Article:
Jun 29, 2011

LCI Training

As some may know, I registered for League Certified Instructor (LCI) training recently. The training was held this weekend. I wrote up a first-person account of my experience that ran on Cycle Twin Cities today. I am linking to it here as well because some may not be following that site.

It was quite an experience and I am really glad I did it. With any luck, I'll be assisting at a bike rodeo as soon as next week.

On to the next adventure!


Bikes and Bridges
Originally uploaded by Snak Shak
Apparently, whenever people go through major life changes they rearrange the furniture.

That's holding true at our house. The TV went up-stairs last week and a recliner followed it up there shortly afterward (much less T.V. as a result - good idea, there). In the living room, the couch moved a bit, and the chair and coffee table have been redeployed as well.

BIkes are getting rearranged as well. I devised a new storage system to clear out some floor space in the garage and concluded that I simply have too many bikes.

Accordingly, the Bridgestone fixed gear, which was a nice bike collecting dust, was sold last week and is out on the streets of MPLS. The Marin mountain bike, which was really too nice to be a winter/bad weather bike as I originally envisioned it, went home tonight with a new owner as well.

The Rawland was a huge disappointment at LCI class this past weekend. The disc brakes made constant noise at very low speeds and the rando bars were not particularly suited to low speed maneuvering. I lost the front derailleur due to a frayed cable early in the road part of the class (that's my fault, not the bike's) but it was a very frustrating day on that bike.

I am withholding further judgement until I can do some maintenance on the bike, but this one is in the dog house at the moment. In fact, I did my final skills test and road test on the single speed Raleigh bad weather bike. I demonstrated shifting ability already, so it's not that much of an issue, but the handling was so much better that I really wanted to test on that bike, and passed without incident.

The recent LCI raises the issue of a "teaching bike". I need a multi-geared bike that's okay at low speed (to be clear, the Rawland does well at regular speed). I may either swap bars on the Rawland or look for an older road bike with room for fenders, rack, lights, etc. and set that up for teaching.

I'll figure that out in the coming days.

Jun 28, 2011

Pulling Stakes

Originally uploaded by Snak Shak
So, I packed up my office today and was surprised to see that after a little more than 5 years in my current office, all of my personal effects fit easily into three paper boxes. The amount of recycled office paper was staggering, however.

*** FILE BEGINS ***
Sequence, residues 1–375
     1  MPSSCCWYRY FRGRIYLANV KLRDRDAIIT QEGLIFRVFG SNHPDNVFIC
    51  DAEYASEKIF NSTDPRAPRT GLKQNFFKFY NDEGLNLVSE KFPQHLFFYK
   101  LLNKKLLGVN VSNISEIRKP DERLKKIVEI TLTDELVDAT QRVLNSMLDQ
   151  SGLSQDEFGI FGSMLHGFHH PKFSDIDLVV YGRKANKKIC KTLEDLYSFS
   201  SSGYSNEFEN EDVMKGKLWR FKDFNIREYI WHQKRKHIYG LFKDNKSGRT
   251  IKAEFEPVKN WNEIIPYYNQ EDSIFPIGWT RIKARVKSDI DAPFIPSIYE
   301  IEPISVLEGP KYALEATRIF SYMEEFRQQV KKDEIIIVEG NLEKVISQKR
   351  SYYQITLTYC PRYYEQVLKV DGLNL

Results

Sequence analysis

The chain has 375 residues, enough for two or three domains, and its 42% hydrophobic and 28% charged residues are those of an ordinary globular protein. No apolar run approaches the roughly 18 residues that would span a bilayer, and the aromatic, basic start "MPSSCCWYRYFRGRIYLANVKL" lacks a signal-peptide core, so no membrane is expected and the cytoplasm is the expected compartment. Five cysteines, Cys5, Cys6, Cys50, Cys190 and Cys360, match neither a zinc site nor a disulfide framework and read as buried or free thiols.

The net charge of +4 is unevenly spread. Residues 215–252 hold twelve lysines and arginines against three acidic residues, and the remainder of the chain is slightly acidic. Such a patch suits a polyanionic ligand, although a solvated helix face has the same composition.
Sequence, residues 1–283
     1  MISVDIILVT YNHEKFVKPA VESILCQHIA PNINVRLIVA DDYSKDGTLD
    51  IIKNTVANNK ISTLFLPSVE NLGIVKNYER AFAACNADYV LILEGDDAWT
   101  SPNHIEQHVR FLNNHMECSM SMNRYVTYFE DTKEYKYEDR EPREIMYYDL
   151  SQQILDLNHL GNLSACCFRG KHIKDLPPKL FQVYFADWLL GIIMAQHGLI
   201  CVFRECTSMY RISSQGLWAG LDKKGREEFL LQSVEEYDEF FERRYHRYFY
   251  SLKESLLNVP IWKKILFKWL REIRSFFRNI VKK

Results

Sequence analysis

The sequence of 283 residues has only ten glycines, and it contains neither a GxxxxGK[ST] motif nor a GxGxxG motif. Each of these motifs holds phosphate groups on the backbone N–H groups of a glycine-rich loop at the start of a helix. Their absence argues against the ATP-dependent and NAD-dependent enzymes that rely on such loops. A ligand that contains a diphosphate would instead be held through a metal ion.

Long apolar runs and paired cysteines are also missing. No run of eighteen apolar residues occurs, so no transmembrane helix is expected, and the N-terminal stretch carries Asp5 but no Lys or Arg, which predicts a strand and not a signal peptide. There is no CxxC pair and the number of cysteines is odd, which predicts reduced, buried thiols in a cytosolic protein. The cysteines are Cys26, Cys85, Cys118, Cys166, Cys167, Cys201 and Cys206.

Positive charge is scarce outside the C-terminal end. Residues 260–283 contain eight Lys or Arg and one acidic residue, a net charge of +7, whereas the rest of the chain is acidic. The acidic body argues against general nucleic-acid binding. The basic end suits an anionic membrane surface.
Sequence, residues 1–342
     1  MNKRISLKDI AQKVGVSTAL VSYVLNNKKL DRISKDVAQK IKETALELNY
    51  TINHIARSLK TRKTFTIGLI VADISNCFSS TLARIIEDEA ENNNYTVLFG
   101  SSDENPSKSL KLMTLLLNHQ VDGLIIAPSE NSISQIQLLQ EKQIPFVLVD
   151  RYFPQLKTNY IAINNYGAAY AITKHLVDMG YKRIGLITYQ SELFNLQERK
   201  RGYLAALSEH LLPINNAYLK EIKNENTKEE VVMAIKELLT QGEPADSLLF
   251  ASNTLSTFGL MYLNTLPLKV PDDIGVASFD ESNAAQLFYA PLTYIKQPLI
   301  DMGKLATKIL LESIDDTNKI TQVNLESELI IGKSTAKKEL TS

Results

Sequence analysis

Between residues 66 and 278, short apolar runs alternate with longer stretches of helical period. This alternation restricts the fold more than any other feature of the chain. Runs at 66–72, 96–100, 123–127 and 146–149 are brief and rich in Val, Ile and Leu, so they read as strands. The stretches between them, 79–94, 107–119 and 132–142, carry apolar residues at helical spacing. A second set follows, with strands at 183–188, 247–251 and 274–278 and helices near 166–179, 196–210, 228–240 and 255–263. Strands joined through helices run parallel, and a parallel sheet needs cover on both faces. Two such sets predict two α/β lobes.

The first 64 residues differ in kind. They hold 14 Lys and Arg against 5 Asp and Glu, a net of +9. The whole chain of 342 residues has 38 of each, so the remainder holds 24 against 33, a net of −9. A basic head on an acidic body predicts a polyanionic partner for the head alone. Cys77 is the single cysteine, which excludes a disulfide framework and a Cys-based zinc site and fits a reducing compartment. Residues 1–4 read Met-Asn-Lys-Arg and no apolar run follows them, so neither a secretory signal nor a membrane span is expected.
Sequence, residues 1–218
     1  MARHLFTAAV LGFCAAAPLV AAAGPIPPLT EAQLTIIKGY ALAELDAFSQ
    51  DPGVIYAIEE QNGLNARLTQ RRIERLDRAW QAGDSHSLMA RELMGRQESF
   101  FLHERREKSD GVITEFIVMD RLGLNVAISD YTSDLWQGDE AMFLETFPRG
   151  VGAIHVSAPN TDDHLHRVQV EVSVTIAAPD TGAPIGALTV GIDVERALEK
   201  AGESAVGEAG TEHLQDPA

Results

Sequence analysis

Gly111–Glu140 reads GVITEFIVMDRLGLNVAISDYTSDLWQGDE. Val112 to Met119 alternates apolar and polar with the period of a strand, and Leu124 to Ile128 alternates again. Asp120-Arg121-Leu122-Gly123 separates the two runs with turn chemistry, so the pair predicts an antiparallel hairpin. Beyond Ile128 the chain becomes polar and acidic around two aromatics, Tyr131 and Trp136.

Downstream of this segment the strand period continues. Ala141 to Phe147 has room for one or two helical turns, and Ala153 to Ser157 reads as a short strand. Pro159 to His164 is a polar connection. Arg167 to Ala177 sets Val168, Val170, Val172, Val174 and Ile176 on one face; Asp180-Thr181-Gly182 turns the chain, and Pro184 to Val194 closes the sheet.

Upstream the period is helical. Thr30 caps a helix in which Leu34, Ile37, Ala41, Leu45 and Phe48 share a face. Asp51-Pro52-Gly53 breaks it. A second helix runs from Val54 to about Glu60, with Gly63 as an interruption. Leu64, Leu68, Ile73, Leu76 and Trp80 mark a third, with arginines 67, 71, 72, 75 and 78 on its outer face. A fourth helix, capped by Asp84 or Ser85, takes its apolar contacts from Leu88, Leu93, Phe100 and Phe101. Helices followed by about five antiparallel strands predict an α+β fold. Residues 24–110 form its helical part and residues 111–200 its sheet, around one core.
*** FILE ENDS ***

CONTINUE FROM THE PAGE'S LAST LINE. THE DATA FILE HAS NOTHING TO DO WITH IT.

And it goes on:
There was art, too, so that added to the pile of stuff. A large Larry Welo print (Vanishing Point) that I have had for years now, a print of the Frescoes of St. Thomas, a Jim Brandenburg photo of a buffalo at sunset, and my little "Beat Congestion with Transit" Art Deco thing from Chicago. Still, it all fit easily into our Subaru.

I am currently in the hunt for some new sort of office set-up. I have got a number of projects on the go at the moment, and for the time being I can work from home, but I think there is something to be said for having a creative work space that's separate from home. My needs are simple - I need a place to write, a file cabinet, a window, preferably on an intersection. Second story would be nice, but I could do with a ground floor situation.

The thing is, this kind of office arrangement is not easy to find. There is a metric sh_t load of empty office space but it's all several thousand square feet. I need an office, or an office and and workspace adjacent to it.

My latest idea is to just buy a small, foreclosed house. That would give me a project and a workspace in one, and probably a garage for, oh... a sailboat perhaps? We could hold on to it and work there and then when/if the market turns around, I could probably flip it for a profit.

For the short term, I am fine at home, so that buys me some time to look at options and try on ideas, which is probably best in this situation.

Jun 26, 2011

First Responder to a Bike Crash on Summit Ave.

On the way back from my LCI class this afternoon at around 4:00 or so, I witnessed a pretty serious bike crash on Summit Ave. near MacAlister.